“The inquiry in England is not whether a man has talents and genius, but whether he is passive and polite and a virtuous ass and obedient to noblemen’s opinions in art and science. If he is, he is a good man. If not, he must be starved.”
In spite of Messrs Downes and Horne’s prophecy it didn’t.
In much the same way that the death of dentistry has been prophesied many times in the 40 odd years of my involvement it hasn’t died, yet. Evolved, grown, changed in many ways certainly but rumours of its death have been greatly exaggerated.
I remember being told that a vaccine to rid the world of Dental Caries was just around the corner, it didn’t appear but did contribute to our knowledge of the disease.
It is easy to say that the old ways are gone, the new will sweep everything away just look out! Two years ago the talk was of how the “clever” dentists having made a killing with Short Term Orthodontics were now looking to Facial Aesthetics for their big bucks.
I’m reminded of the story Colin Hall Dexter told of dentists complaining that areas were “worked out” as if they were talking about gold, diamond, or probably, coal mines.
Change is rarely, if ever, like that. Change does occur but when? Overnight? Not even Covid was that quick. There are always those who wake early in the morning and go to it, those who arrive at 8.55 and somewhat bewildered, deal with the day and of course the laggards who say “What happened, nobody told me, they wouldn’t do that to us.
I read this after meeting Michael Baker recently and being impressed with his ideas. When he couldn’t quite reconcile existing management theories with the real world he decided to write his own practical book. A fable of a newly appointed manager discovering that life after promotion isn’t quite as easy as it looks, it deals with the problems of getting the best out of people.
He meets his saviour, Jan, by chance on the train travelling from his office in Bristol to his home in Cardiff. She introduces him to the concept of PAMBO which is summed up as Performance = Ability x Motivation x Behaviour x Opportunity.
Coming in at 142 pages it’s a relatively short read which is big on practical advice and will stimulate and help anyone who works with people, face-to-face or at a distance. Great for new managers or those who want to remind themselves that things are best kept simple. Recommended.
From Jonty Bloom’s, blog: …..Just look at British Gas; it is in the middle of firing its engineers and re-hiring them on worse terms and conditions, I have not heard anything from the government on this and the reason is simple. They don’t care, in fact they think it is good for business….gradually remove employment rights and then watch as big business squeeze their workers until the pips squeak. It should mean cheaper services and bigger profits, in theory. What it really means is lower productivity and wages…..gradually remove employment rights and then watch as big business squeeze their workers until the pips squeak. It should mean cheaper services and bigger profits, in theory. What it really means is lower productivity and wages. Also it costs me more to insure my boiler with British Gas, than the rest of the house combined. Anyone like to explain that one?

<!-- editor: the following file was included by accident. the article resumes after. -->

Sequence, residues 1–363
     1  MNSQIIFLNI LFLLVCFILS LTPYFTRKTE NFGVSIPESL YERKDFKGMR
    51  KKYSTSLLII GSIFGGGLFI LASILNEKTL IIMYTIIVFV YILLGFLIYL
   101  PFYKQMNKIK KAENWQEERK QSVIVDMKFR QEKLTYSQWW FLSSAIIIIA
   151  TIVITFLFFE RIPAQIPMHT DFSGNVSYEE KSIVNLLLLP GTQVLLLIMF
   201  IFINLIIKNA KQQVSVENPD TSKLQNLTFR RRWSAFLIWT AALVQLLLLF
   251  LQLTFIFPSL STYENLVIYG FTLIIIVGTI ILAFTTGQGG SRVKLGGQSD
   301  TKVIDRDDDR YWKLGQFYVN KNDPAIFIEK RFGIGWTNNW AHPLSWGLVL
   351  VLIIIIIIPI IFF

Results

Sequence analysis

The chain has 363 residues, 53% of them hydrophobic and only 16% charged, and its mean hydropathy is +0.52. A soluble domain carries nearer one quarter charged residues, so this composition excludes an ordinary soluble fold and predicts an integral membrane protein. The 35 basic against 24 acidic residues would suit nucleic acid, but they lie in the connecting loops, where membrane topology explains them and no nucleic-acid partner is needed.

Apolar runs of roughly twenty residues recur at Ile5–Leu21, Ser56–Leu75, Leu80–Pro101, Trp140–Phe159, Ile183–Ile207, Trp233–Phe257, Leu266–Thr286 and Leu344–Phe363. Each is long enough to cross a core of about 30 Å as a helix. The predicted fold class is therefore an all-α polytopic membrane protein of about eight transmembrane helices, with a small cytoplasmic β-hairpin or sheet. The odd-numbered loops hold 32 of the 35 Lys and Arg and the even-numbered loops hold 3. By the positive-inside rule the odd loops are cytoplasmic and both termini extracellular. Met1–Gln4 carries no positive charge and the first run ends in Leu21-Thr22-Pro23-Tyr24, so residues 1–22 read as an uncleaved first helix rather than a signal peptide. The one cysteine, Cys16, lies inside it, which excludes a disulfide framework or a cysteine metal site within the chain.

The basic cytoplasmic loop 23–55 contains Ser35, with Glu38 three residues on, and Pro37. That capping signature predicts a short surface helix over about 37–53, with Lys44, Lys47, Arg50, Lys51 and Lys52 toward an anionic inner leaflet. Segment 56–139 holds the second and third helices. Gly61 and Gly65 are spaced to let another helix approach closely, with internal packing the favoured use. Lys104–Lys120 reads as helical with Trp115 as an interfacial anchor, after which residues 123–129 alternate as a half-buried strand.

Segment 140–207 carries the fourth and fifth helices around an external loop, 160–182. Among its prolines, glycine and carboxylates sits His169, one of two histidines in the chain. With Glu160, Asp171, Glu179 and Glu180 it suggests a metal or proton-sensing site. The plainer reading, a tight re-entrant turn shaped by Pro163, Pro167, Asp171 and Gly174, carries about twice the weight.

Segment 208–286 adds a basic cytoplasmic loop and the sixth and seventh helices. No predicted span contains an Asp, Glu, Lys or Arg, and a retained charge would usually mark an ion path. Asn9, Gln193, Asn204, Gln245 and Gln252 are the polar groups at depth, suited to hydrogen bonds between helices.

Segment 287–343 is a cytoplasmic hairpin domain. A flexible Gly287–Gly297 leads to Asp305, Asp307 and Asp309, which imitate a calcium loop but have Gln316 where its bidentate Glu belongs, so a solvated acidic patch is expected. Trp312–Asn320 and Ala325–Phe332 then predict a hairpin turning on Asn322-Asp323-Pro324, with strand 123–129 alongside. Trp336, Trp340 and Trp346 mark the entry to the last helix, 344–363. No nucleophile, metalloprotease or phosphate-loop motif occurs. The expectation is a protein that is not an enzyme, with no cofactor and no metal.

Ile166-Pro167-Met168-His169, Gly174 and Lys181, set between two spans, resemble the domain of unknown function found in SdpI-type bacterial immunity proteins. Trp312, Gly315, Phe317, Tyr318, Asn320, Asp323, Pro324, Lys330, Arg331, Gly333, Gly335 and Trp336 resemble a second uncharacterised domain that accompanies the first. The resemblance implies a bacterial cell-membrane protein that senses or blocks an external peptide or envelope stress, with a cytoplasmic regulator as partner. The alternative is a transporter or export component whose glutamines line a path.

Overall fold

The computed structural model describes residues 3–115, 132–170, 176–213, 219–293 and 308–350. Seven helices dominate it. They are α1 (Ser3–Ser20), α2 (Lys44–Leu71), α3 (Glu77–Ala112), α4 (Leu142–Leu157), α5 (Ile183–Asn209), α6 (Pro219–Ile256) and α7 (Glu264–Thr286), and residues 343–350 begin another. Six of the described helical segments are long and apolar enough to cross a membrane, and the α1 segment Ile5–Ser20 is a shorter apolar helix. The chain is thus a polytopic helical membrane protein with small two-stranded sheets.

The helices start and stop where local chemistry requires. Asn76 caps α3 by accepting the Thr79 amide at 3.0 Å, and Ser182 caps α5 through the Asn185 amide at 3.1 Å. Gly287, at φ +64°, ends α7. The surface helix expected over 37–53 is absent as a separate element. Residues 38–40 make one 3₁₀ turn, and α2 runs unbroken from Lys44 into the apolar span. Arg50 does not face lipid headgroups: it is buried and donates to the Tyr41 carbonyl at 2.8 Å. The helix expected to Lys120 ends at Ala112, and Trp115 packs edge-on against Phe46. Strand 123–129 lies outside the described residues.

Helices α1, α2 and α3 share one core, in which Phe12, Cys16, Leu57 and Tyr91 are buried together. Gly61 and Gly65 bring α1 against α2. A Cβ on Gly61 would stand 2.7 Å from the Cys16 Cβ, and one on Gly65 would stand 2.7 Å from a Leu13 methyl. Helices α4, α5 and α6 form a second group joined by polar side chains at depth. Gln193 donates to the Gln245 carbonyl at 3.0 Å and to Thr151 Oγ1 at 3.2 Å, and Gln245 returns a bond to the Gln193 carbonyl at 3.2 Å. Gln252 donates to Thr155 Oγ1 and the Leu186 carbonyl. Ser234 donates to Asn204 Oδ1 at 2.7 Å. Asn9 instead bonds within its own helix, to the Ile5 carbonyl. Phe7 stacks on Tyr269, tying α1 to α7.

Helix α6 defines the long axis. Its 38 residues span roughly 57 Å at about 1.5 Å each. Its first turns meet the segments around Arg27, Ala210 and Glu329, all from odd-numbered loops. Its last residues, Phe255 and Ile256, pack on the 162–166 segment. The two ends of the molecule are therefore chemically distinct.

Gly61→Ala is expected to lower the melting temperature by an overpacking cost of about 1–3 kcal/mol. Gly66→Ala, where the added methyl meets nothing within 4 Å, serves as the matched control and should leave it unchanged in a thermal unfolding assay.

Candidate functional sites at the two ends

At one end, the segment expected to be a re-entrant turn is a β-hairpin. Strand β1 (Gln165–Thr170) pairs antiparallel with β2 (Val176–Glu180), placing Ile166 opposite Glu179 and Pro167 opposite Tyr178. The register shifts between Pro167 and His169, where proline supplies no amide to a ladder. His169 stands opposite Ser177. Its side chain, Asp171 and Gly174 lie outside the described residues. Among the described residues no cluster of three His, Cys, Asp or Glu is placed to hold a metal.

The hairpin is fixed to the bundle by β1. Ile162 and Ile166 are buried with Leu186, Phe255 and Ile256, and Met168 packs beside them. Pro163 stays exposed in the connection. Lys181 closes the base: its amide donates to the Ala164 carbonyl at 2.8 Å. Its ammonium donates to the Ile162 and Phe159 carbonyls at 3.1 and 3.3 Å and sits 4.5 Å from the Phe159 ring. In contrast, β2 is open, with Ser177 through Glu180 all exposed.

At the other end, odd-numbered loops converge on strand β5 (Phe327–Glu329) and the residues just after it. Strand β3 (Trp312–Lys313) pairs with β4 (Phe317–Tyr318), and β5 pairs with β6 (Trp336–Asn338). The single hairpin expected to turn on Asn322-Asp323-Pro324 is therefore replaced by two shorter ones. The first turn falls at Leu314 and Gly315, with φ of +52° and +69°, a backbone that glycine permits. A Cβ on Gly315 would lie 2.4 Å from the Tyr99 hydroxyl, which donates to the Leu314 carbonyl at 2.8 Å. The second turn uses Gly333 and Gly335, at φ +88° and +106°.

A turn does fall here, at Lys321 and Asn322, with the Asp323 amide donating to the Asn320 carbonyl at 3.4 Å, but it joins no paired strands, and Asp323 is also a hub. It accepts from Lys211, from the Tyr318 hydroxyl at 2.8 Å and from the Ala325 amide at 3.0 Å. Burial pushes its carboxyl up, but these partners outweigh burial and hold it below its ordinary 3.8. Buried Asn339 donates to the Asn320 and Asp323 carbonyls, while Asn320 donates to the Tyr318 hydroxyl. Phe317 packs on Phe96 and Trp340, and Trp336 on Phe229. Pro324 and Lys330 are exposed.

Perhaps management had something to do with it? The Gas Act 1986 sold the company to private investors as British Gas plc….read the full story here. Was Sid right to get involved or are his children and grandchildren picking up the tab? Especially the ones who trained as Gas Engineers…
I am a great admirer of Brian Eno’s work, both what he does and how he does it. A unique individual and also an excellent collaborator, not always easy to be good at both. Some people know him as part of the original Roxy Music, some due to his producing credits, others for his “ambient” – way too small a word – music. His 1996 memoir, A year with swollen appendices is a fascinating read and gave me some insight into the way he works. One of his collaborations, Oblique Strategies, is used regularly in the Woodshed here at ReesAcres.
Here’s how Eno’s website describes them: Over One Hundred Worthwhile Dilemmas by Brian Eno and Peter Schmidt. In 1975, Peter Schmidt and Brian Eno created the original pack of Oblique Strategies cards, through thinking about approaches to their own work as artist and musician. The Oblique Strategies constitute a set of over 100 cards, each of which is a suggestion of a course of action or thinking to assist in creative situations. These famous cards have been used by many artists and creative people all over the world since their initial publication.
When I get stuck I turn to the box. Sometimes when I am coaching clients, I will pull a card from the box for inspiration and share what it says. I have one favourite, permanently on view, which never fails to get me off my backside or (to quote Hemingway) to apply the seat of the pants to the seat of the chair. Today is one of those days.
Taken a couple of weeks ago from the Space Station, a picture of Ireland from a cloudless sky. For those who wonder where ReesAcres is, it’s in the County of Cork, the Townland of Fahouragh, and the parish of Castlehaven, comfortably close to the sea about 3 miles or so from Skibbereen. Right down the bottom (if you’re looking north south).